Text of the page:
psik
 

Old_Man_Steve2016

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One thing I really enjoyed about the series was the quirky sense of humor. Miles' military career and espionage work seem to never be what he thought it would be in his head.

Also, the bug thing was hilarious.
 

Werthead

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Book 15: Gentleman Jole and the Red Queen

Three years have passed since the death of the legendary Aral Vorkosigan. His widow, Cordelia, continues to live and work on Sergyar, third world of the Barrayaran Empire, as vicerine. Aged 76, but expecting to live at least to 120, Cordelia has almost fully half her life ahead of her and is unsure of what to do with it. Complicating matters is Admiral Jole of the Sergyar Fleet, a respected officer and a close friend of Cordelia and her late husband's. With Sergyar in political uproar as a controversial decision to move the planetary capital is made, Cordelia has some important decisions to make.

Gentleman Jole and the Red Queen is the latest (so far) novel in the Vorkosigan Saga and one of the most wrong-footing. Each of the sixteen novels in the series has been different, but at least incorporated some elements of action-adventure, political intrigue, war or undercover criminal activity, which the protagonist (usually Miles Vorkosigan but occasionally other characters) has to deal with. This novel doesn't have that. There are no villains, there are no explosions (well, one, but not quite what you'd expect) and no exchanges of energy weapon fire. The political intrigue is very slight, at best, and the novel is unfolds without much fear of mayhem, death or destruction taking place (unless you count a rather remote threat from a volcano).

Instead, this is a novel about relationships, the changing nature of life as people grow older, and the philosophical acceptance that we are not here for very long and people have to make decisions for their happiness and that of those around them, sometimes unorthodox or complicated ones. The tensest moments in Gentleman Jole and the Red Queen come in conversations, as Cordelia is forced to reveal that she's been leading a rather more interesting life on Sergyar then her son Miles believed and grapples with the baffling decision of just how you start a new live over when you've already done all the usual stuff - had children, gotten married and beheaded your most lethal political opponent in battle?

In this sense Gentleman Jole continues the themes from Cryoburn, musing on the passing of the generations, but the book again rejects this as a maudlin idea. Instead it also celebrates the commodities of life and time, delights in the arrival of new life and new children (and grandchildren) and spins out, in a good-old fashioned manner, an everything-but-old-fashioned romance between two people at a more mature time of their lives.

Gentleman Jole and the Red Queen (****) is not a rousing space action-adventure novel. It is a life-affirming, warm romance that returns to some some of Bujold's central SF ideas (most notably the science of uterine replicators), introduces some new ones (Cordelia's utter disbelief at people refusing to believe a destabilising volcano may erupt and destroy their town) and unfolds with a stately, mature pace. Is it slightly self-indulgent? Maybe, but then after thirty years of putting the Vorkosigan clan through the wringer, both the author and her characters deserve a break, especially when it's as thought-provoking and enjoyable as this one. The novel is available now in the UK and USA.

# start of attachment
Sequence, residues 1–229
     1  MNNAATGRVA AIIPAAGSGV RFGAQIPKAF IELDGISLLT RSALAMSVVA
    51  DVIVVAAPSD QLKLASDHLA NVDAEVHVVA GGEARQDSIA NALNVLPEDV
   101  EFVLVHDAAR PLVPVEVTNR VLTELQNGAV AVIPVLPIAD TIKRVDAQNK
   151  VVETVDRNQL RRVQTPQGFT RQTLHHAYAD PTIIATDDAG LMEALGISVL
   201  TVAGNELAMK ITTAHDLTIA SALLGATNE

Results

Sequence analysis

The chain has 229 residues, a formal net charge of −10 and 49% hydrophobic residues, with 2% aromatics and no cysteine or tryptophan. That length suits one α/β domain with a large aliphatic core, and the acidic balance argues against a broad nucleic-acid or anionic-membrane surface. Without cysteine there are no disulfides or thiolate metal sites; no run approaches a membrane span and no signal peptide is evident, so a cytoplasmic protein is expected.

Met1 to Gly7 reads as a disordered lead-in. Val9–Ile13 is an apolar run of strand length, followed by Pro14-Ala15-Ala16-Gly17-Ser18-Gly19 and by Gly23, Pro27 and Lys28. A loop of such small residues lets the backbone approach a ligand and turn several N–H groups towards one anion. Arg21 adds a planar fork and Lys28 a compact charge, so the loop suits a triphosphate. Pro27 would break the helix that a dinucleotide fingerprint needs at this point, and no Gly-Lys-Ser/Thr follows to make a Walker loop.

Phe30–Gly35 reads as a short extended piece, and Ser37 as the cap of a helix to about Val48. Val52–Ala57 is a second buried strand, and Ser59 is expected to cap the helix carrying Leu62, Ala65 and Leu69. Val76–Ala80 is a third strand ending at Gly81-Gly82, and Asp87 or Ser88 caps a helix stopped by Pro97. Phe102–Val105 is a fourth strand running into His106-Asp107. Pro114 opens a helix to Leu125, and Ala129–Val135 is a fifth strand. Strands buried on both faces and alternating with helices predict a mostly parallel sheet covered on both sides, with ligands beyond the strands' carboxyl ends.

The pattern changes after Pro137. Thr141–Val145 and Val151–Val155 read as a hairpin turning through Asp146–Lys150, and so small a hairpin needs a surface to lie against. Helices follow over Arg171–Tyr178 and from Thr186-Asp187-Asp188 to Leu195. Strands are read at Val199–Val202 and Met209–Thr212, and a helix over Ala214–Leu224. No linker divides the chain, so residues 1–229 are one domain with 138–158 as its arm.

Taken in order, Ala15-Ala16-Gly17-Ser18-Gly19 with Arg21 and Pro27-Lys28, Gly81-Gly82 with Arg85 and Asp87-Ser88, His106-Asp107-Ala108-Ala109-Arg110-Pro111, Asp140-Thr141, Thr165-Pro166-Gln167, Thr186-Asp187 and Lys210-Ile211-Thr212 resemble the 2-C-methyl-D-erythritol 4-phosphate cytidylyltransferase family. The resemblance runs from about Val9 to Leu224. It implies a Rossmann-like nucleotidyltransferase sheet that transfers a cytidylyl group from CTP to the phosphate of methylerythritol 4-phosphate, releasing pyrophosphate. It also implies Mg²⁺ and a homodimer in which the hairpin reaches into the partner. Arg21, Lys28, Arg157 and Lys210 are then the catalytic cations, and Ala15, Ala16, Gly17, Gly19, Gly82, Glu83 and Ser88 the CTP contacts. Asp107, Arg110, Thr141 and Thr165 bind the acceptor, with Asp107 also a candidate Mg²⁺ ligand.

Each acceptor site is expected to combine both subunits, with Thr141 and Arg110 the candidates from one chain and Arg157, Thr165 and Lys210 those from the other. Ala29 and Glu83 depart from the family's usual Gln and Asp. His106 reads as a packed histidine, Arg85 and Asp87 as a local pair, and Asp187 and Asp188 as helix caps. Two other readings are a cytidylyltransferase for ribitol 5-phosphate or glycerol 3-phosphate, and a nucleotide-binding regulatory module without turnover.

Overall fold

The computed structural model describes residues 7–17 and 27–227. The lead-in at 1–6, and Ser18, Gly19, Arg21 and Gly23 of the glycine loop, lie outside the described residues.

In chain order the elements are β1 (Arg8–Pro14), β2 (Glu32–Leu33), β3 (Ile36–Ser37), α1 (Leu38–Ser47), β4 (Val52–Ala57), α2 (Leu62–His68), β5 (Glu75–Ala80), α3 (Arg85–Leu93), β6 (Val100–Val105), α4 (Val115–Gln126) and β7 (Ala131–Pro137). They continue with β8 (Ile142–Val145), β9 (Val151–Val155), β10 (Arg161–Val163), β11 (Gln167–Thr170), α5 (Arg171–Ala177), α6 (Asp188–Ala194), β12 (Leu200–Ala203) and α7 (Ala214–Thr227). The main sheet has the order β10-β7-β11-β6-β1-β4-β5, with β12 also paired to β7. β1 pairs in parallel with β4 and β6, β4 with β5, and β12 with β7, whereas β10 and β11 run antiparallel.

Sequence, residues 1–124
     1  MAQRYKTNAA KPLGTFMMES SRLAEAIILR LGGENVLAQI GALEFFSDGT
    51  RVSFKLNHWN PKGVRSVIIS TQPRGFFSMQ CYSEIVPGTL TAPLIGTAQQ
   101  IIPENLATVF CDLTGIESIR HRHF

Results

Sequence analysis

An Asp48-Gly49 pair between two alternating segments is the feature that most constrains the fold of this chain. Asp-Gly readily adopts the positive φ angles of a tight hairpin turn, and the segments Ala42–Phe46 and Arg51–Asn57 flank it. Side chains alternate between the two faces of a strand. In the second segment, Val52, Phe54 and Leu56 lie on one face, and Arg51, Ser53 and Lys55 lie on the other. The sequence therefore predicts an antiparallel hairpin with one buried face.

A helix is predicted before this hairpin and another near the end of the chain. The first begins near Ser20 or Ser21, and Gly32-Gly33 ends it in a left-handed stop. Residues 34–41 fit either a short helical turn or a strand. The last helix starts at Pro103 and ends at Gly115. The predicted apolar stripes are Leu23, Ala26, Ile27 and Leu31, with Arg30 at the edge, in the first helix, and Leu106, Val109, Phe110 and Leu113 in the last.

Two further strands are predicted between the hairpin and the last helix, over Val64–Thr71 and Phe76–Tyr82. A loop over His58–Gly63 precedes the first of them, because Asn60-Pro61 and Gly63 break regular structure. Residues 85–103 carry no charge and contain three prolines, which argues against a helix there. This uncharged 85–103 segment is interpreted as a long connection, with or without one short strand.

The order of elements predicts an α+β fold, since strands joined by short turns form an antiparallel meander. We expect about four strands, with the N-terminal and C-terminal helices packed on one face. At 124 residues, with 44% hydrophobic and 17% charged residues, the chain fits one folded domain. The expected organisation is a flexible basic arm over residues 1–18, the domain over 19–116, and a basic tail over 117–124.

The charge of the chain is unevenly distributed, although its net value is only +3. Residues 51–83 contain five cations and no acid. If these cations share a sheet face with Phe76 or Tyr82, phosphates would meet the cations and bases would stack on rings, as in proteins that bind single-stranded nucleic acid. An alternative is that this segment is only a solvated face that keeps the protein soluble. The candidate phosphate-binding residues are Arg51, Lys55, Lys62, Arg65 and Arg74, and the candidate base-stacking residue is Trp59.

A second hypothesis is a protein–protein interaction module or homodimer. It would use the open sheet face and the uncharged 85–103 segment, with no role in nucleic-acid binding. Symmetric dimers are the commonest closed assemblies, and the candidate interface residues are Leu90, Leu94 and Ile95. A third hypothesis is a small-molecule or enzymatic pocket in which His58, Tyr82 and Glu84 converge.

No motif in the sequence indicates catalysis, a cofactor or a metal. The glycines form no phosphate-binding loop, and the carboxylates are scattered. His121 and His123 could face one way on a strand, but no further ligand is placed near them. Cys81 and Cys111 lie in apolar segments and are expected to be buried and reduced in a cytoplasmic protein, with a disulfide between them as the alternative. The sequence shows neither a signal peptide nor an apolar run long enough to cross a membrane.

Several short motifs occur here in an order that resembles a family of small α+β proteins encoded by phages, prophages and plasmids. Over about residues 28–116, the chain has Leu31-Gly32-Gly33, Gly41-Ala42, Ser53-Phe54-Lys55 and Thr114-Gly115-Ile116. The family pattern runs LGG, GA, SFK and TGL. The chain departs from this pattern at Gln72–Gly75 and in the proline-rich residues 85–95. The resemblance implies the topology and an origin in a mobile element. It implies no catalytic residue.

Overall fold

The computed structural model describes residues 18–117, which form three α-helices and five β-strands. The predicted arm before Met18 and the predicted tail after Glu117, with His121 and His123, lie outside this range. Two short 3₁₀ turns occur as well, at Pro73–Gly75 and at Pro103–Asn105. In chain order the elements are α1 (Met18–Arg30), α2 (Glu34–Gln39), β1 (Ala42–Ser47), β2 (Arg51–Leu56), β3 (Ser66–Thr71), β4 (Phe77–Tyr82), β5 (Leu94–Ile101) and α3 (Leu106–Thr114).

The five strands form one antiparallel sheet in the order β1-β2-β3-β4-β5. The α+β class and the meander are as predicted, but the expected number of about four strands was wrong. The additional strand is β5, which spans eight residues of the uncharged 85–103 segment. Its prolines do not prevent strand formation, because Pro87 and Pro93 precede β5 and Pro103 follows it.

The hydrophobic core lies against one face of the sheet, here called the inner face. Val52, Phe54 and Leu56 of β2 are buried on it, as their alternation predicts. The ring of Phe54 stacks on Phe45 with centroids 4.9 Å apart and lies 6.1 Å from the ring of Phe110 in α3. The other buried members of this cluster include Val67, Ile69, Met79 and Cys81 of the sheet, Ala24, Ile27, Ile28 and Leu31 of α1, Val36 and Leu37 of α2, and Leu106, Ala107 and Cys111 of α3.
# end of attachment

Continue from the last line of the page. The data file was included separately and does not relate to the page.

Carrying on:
Jo Zebedee

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Because this series keeps coming up, I thought I'd have a look at the ebook for Shards of Honour.

Definitely a contender for one of the worst and cheapest cover designs out there.
If you don’t like Shards don’t be put off. It is a series that builds with the earlier books variable but the middle books are the best character led sf I have read. My husband picked them up and is currently devouring them.
 

Bugg

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That's better than some of the earlier covers :D

I read Shards in the 'Cordelia's Honor' omnibus edition with Barrayar and was glad I did.
 

Werthead

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I'd definitely read the omnibuses. They reduce the books from an imposing 16 (including the quasi-prequel - or quaddie-prequel! - Falling Free) to 10, which is much more approachable.

That order is:

Cordelia's Honour (Shards of Honour and Barrayar)
Young Miles (The Warrior's Apprentice, "The Mountains of Mourning" and The Vor Game)
Miles, Mystery and Mayhem (Cetaganda, Ethan of Athos, "Labyrinth")
Miles Errant ("Borders of Infinity", Brothers in Arms, Mirror Dance)
Memory
Miles in Love
(Komarr, A Civil Campaign, "Winterfair Gifts")
Miles, Mutants and Microbes (Falling Free, Diplomatic Immunity)
Captain Vorpatril's Alliance
Cryoburn
Gentleman Jole and the Red Queen
 

WarriorMouse

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Because this series keeps coming up, I thought I'd have a look at the ebook for Shards of Honour.

Definitely a contender for one of the worst and cheapest cover designs out there.
Once you get to the Miles Vorkorsigan stories the series picks up in a big way. The stories in which Miles or Ivan are not the main focus are the weak ones. But that is just my opinion.
 

psikeyhackr

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I didn't like it either, and I have really enjoyed the rest of the series.
Are "not liking" and "disliking" the same thing. A neutral attitude is "not liking" while disliking is having a negative response.
 

psikeyhackr

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Because this series keeps coming up, I thought I'd have a look at the ebook for Shards of Honour.

Definitely a contender for one of the worst and cheapest cover designs out there.
LOL

That is funny. Bujold was involved in creating that design. Having read most of the series multiple times I presume the re figure is Cordelia cutting the blue figure, Aral Vorkosigan, loose from his Barrayaran cultural strings.

All of the covers she helped make are artistically simplistic but have some meaning in relation to the theme of the book.
 

Brian G Turner

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Involved? As in told she could get a new cover, so long as it didn't cost more than $50 or take more than an hour to do? :D